Metro Detroit’s distilleries are among a growing number of spirits makers around the country transitioning to hand sanitizer production to meet the needs of healthcare facilities and municipalities facing shortages due to the novel coronavirus.
Detroit City Distillery joined Griffin Claw Brewing Company and Valentine Distilling Co. last week in switching to sanitizer production after state officials loosened regulations for distilleries in response to the new coronavirus. According to new, temporary rules, licensed distilleries in the state are permitted to produce ethanol-based hand sanitizers without the usual industrial manufacturing permit through June 30. There’s a chance that the rule allowance could be extended.
The state rules were accompanied by the Alcohol and Tobacco Tax and Trade Bureau’s relaxed regulations, allowing distilleries to manufacture sanitizer products made from denatured or undenatured ethanol, glycerol (not less than 1.45 percent of the finished hand sanitizer product on a volume basis) and hydrogen peroxide (not less than 0.125 percent of the finished hand sanitizer product on a volume basis).
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We’ve been working around the clock through the weekend producing and packaging as much Sanitizer as we possibly can! These batches of bulk Sanitizer will be going out to the State of Michigan, local first responders, and health care workers. We’re making more every day and ramping up production with the help of our friends @valentinedistillingco
Christopher Lasher, marketing director for Griffin Claw, said in a statement on March 20 that the brewery had already bottled 3,000 2-ounce bottles of sanitizers with plans to produce around 5,000 more over the next several days. “We have a staff that’s more than willing to work around the clock to get this done,” Lasher said in a release.
The company is distributing bulk containers for the State of Michigan Emergency Operations Center, which distributes supplies to first responders and healthcare workers. The sanitizer is also being sold and donated to local organizations and agencies like food banks, police departments, and nursing homes. Working with Griffin Claw to expand operations and meet demand, Valentine Distilling Co. has voluntarily paused its spirits production and devoted its facility to producing sanitizer. Carryout customer receive a free spray bottle of sanitizer.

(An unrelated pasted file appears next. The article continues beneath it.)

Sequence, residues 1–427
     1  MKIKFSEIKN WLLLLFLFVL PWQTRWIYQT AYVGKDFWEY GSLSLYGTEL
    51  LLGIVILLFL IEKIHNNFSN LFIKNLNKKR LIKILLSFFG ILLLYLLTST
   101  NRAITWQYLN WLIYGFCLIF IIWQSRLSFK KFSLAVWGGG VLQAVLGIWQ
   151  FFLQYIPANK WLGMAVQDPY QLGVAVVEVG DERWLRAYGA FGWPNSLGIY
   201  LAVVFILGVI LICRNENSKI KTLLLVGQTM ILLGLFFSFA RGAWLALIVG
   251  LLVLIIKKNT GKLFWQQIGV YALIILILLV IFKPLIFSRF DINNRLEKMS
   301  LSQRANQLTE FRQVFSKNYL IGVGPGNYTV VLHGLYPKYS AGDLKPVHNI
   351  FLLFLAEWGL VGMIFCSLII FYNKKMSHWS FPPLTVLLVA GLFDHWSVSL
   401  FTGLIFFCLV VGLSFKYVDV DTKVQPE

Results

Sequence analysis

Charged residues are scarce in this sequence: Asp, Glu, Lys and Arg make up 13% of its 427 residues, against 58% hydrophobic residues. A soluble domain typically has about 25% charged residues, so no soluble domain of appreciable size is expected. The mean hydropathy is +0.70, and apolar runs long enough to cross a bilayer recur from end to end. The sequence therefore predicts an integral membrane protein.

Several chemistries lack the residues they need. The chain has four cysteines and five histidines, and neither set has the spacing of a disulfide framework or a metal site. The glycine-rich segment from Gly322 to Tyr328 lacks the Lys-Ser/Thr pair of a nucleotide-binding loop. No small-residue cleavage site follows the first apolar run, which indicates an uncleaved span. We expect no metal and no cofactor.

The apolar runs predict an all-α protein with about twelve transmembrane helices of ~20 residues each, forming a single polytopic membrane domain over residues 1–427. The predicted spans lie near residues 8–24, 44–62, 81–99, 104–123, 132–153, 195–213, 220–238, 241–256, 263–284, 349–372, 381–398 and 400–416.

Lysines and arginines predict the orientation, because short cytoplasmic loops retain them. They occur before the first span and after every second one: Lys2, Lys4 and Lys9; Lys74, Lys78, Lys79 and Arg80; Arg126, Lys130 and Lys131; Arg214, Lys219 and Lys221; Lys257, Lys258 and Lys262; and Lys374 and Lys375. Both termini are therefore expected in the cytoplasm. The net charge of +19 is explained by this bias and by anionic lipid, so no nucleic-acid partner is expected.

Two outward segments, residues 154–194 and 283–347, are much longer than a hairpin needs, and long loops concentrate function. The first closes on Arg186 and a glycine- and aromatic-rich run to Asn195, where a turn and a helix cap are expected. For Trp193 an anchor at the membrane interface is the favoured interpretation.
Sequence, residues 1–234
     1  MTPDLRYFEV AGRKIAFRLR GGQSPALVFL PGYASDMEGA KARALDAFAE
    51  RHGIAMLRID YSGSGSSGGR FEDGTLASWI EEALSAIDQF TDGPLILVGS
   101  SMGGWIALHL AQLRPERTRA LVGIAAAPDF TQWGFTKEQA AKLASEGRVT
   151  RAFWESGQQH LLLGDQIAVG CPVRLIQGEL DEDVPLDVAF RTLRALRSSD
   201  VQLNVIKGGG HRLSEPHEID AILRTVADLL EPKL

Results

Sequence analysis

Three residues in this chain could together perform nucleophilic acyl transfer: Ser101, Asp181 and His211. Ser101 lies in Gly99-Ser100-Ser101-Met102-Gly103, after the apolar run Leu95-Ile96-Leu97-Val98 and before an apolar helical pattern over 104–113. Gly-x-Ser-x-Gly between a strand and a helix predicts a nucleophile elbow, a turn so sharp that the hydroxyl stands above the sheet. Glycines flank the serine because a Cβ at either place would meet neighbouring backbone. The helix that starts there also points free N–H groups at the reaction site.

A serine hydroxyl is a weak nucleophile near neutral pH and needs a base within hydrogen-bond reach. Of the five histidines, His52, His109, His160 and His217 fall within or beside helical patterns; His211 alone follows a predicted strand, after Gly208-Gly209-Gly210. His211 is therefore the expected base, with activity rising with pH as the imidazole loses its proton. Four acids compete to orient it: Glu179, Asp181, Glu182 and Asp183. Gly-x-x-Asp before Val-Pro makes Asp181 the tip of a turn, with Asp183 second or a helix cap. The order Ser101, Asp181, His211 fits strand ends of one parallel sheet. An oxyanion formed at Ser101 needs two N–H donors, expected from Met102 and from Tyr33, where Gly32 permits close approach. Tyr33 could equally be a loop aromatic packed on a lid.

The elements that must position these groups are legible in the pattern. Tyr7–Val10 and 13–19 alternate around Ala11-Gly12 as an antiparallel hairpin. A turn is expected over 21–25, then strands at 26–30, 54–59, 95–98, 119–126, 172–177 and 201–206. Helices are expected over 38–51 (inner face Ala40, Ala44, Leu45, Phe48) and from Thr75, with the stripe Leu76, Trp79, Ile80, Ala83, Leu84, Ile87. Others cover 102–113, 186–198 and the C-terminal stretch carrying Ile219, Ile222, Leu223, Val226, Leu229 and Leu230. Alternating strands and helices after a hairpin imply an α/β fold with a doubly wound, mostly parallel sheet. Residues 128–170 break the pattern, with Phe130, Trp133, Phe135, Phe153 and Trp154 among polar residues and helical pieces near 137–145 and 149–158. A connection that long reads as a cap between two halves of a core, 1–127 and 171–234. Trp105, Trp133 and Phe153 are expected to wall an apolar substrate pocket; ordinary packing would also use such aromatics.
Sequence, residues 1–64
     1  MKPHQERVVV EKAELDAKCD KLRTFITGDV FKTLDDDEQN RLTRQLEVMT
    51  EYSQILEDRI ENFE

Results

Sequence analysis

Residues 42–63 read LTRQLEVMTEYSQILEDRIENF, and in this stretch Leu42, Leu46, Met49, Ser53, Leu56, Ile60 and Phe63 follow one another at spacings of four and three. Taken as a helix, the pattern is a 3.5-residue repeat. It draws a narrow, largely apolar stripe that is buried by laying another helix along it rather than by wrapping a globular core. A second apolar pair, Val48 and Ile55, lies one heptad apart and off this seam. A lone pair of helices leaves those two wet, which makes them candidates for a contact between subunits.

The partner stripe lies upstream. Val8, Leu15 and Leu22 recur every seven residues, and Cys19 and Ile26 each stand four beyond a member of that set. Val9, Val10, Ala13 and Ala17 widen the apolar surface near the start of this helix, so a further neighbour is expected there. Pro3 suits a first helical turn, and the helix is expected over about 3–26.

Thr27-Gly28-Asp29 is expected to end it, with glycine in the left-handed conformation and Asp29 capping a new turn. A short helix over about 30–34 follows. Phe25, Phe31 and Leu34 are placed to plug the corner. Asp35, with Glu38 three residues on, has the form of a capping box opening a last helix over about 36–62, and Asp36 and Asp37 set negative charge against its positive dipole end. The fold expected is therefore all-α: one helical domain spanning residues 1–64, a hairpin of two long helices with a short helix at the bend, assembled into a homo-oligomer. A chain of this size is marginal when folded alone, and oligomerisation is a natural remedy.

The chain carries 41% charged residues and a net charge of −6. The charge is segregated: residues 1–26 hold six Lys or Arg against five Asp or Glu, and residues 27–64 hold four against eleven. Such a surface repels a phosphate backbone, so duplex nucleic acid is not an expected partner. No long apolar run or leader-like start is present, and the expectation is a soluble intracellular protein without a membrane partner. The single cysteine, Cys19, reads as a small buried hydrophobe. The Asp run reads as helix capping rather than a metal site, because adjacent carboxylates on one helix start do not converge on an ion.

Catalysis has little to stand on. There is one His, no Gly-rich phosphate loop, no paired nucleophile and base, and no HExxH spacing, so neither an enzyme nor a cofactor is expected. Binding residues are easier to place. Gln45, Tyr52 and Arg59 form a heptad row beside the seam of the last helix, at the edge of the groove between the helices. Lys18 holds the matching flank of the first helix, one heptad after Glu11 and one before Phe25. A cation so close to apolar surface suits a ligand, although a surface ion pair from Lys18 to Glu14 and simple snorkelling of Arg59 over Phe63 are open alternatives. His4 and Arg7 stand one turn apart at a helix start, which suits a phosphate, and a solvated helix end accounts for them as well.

As of March 21, Detroit City Distillery had produced and sold 340 gallons of bulk sanitizer for the City of Detroit, Samaritas, Child and Family Services of Michigan, Rivergate Terrace, Medstar Ambulance, and Goodwill Industries, with plans to make 1,400 gallons this week.
Still, the distilleries face challenges. Valentine Distilling notes that it is experiencing a packaging materials shortage, which could make distributing sanitizer more complicated. The size of production facilities is also a limiting factor, according to Detroit City Distillery co-owner Michael Forsyth. “Healthcare services and municipalities, in particular, serve the highest number of people and are facing a critical deficit of this essential resource, which we can provide in bulk but in a limited way, due the fact that we are a small-batch distiller to begin with,” he said in a release.
“As supplies and our capacity increases, we certainly hope to make sanitizer available to the general public. However, right now, we need to do what we can to get it to our big institutions who can get it to the most people.”
Update: This story has been updated with additional information about Griffin Claw’s sanitizing distribution.
• Michigan Distillers Cleared to Produce Hand Sanitizer to Help with COVID-19 Response [MI Gov]
• Guidance for Industry: Temporary Policy for Preparation of Certain Alcohol-Based Hand Sanitizer Products During the Public Health Emergency (COVID-19) [FDA]
• With Sanitizing-Solution Shortage, Liquor Distilleries Are Stepping Up and Making Their Own [E]
• All Coronavirus Coverage [E]